Former County Employee Faces Charges

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Iowa State Auditor Releases Findings Of Its Investigation Into Alleged Theft Of Funds At Mills County Treasurer's Office

By Joe Foreman, Editor

A former employee of the Mills County Treasurer's Office is facing eight charges and potential prison time for the alleged theft of more than $36,000 from the auto department over a six-year period, from 2005-2011.

Charges were filed Friday against Tammy Gammon following a special investigation by the Iowa State Auditor's Office. Gammon, who was fired from her position in April 2011, was charged with on-going criminal conduct, first-degree theft, felonious conduct in office and five counts of forgery.

Mills County Attorney Eric Hansen said the charges were filed after findings of the state auditor's investigation were released. The investigation was requested by Mills County officials in 2011 over concerns that collections were not being properly deposited for the auto department within the treasurer's office. Auditor David Vaudt said the investigation identified 182 improperly voided or altered vehicle registration renewals, vehicle titles and improper fee adjustments recorded in the Department of Transportation’s (DOT) ARCON Registration and Title System (DOT System). The transactions identified were improperly voided, altered or adjusted to show no fees were collected or the amount recorded was less than the amount actually collected and resulted in $36,349.75 of undeposited collections.

According to the state auditor's report, Gammon admitted to investigators from the Iowa Department of Criminal Investigation she voided certain statements and kept the cash to use for “day-to-day expenses” without depositing the money into her bank account. The majority of the 182 identified transactions in question were recorded with Gammon’s user identification. The other 16 were recorded with user identifications for other employees in the office. According to staff members in the treasurer’s office, Gammon had access to her co-workers’ user identifications and passwords.

The state auditor’s report said the fees collected at the auto department are shared between the county and the Iowa Department of Transportation (IDOT). For vehicle registration renewals and various fees, the county retains 4 percent of the collections and the remaining 96 percent is transferred to the IDOT on a monthly basis. When a new title is issued, the county keeps $1 of the use tax collected and the remaining amount is transferred to the Treasurer of State for the IDOT’S Road Use Tax Fund. Of the $36,349.75 of undeposited collections, the county should have retained $1,414.51 and the state should have received $34,935.24.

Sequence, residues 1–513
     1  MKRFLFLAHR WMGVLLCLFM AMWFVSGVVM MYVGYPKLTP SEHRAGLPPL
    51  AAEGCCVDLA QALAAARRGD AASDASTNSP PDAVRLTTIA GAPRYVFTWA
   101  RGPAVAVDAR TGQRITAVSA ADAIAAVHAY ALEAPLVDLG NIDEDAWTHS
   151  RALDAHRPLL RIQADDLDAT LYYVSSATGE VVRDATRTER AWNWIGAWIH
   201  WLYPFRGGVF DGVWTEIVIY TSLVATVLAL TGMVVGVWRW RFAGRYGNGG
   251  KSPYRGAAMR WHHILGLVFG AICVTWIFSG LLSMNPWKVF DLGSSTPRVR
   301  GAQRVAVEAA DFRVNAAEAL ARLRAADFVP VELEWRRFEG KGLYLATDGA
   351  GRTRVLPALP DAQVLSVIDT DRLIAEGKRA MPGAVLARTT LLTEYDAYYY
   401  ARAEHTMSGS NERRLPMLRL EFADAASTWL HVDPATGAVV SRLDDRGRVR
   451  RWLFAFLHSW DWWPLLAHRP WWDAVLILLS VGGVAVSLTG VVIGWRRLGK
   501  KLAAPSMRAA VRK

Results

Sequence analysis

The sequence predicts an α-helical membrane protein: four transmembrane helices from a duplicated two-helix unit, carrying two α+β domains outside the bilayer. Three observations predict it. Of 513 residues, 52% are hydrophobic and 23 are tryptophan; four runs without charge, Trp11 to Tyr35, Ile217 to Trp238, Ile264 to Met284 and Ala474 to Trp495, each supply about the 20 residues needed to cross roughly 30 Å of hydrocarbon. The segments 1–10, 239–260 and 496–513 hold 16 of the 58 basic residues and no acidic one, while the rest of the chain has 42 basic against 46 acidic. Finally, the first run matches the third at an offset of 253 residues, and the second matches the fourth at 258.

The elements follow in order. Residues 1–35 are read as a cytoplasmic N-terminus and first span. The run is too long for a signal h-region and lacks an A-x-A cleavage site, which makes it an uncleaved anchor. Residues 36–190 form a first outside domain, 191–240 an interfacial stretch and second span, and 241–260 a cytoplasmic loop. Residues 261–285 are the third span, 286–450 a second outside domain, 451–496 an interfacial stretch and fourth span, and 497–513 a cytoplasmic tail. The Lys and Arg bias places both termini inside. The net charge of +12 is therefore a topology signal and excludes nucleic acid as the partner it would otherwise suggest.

Investigators determined that in multiple cases, auto department transactions were voided after a Mills County resident had paid their renewal fee and been issued a new registration for a vehicle. In these cases, when the residents returned to renew their registration again a year later, they were told they also owed registration fees for the prior year, even though they possessed documents showing their registration was valid and they had paid the proper registration fees the prior year. As a result of the voided transactions, some drivers of vehicles from Mills County may have been improperly ticketed for not having proper registration or may have been assessed with late payment charges when they renewed their registration the following year.

Gammon was employed at the treasurer’s office from January 2003 until her firing last year.

In its report, the state auditor’s office offers recommendations to strengthen the internal controls and overall operations of the Mills County Treasurer’s Office, including segregation of duties, reviewing voided transactions, preparing cash receipts for all transactions and reconciling receipts to deposits. In addition, the report includes recommendations to the IDOT for improving controls over the ARCON Registration and Title System.